BACtrack Skyn – The world’s first wearable alcohol monitor

It is a challenge to keep track of alcohol intake as the blood levels of alcohol rise. With a goal to reduce alcohol-related road accidents and deaths, researchers have developed discreet devices that use transdermal sensors to track alcohol levels to help people make more informed decisions about when to stop drinking.

These devices are against the skin and measure the amount of alcohol in sweat. Transdermal sensors are available today, but their large and bulky design has limited their use to specific applications in the research and criminal justice systems.

In 2017, BACtrack, the creator of a range of smartphone integrated portable breathers, developed a new generation of smaller, more wearable wrist-worn sensors using new technology in electronics and wireless communication. Their BACtrack Skyn wristband was the world’s first wearable alcohol monitor for real-time data tracking.

Skyn measures blood alcohol (BAC) through skin sweat. It connects to a smartphone through Bluetooth technology, allowing users to track their alcohol intake, even alerting the user’s phone when drinking too much.

Researchers from the University of Illinois recently used laboratory methods to compare BACtrack Skyn data with AMS SCRAM, an established ankle-worn alcohol monitoring device.

Thirty adults who used both instruments have received either a dose of alcohol to raise them to the legal limit of driving (target blood alcohol level 0.08 percent), or a non-alcoholic drink. Participants also provided regular breathalyzer readings until they left the lab.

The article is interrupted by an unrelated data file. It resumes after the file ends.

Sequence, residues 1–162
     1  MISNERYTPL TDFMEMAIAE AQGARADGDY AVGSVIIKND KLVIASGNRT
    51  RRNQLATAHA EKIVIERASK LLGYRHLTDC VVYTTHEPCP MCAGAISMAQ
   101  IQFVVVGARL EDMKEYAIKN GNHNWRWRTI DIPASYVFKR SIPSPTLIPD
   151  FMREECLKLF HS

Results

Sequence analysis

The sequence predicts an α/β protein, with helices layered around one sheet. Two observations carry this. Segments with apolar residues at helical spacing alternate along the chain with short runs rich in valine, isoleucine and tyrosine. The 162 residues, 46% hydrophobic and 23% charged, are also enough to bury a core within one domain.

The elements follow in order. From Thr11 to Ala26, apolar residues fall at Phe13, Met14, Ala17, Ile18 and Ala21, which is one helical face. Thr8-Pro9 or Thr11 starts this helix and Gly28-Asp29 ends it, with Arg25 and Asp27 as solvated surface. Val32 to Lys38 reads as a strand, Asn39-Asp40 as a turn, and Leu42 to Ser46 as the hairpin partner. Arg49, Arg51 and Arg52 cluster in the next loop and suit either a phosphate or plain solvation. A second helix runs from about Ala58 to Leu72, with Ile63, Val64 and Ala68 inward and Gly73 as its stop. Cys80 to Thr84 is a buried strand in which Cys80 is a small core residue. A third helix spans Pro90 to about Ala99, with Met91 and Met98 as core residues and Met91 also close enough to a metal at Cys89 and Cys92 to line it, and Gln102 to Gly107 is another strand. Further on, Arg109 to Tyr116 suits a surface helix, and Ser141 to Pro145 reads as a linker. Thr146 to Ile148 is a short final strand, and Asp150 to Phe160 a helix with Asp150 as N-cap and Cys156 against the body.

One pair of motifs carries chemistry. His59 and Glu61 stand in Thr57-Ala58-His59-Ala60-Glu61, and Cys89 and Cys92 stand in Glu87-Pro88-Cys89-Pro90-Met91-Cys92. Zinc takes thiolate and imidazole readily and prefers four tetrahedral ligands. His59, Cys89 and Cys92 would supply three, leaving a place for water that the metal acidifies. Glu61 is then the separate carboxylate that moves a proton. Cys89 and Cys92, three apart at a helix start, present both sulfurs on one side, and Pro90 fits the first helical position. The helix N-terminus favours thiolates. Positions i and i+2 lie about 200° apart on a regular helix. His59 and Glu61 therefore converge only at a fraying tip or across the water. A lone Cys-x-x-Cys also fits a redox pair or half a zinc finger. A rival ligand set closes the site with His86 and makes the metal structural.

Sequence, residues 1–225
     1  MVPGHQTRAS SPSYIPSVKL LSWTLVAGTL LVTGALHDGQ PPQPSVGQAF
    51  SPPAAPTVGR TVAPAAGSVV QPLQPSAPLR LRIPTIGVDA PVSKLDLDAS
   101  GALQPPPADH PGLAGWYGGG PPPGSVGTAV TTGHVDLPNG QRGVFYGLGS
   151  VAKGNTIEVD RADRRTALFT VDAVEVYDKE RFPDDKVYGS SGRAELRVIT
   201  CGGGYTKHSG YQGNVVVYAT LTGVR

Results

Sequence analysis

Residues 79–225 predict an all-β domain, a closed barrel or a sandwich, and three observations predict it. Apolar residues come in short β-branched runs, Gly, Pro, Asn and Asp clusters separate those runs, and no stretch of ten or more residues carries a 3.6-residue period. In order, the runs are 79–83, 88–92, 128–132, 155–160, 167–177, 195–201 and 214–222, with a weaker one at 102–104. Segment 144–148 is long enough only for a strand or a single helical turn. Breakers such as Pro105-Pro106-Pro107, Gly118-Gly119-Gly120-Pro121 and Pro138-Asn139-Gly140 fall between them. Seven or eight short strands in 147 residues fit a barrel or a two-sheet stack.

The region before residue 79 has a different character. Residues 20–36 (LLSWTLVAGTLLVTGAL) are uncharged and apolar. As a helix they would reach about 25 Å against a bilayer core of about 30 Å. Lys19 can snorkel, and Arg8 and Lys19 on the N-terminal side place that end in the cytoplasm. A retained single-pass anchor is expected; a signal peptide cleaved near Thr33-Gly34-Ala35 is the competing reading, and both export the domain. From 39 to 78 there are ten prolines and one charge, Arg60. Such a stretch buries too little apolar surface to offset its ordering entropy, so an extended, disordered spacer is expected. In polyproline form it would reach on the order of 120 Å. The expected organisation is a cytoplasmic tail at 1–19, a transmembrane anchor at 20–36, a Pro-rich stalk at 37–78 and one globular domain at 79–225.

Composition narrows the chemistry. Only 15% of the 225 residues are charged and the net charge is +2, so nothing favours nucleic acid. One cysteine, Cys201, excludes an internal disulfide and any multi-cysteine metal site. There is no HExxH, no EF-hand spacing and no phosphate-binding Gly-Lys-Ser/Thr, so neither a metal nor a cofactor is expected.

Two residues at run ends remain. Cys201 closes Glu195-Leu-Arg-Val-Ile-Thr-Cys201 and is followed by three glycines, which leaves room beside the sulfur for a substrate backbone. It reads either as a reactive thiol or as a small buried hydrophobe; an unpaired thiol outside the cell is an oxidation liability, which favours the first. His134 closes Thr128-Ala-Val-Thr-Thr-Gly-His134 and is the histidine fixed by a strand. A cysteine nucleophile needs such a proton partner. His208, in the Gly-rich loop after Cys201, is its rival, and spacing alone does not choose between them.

Both the Skyn and SCRAM devices were able to detect alcohol within 30 minutes. However, as time progressed, the wrist-worn device reacted faster than the ankle device, although transdermal alcohol concentrations lagged behind the levels of alcohol in the breath as expected, the time lag was significantly shorter for wrist-worn devices than for SCRAM.

By providing preliminary evidence of the validity of the new generation of wrist-wearing sensors, the study is a first step in monitoring alcohol intake in daily drinkers. Although lag time versus breath alcohol concentrations was modest (averaging around 24 minutes), advanced machine learning algorithms may reduce this further in the future.

However, researchers say that several field trials are required to evaluate the relationship between transdermal levels and blood alcohol concentrations in large and various groups of people. The tests should look at drink variable doses of alcohol in real-life conditions before the devices are ready for real-world application.

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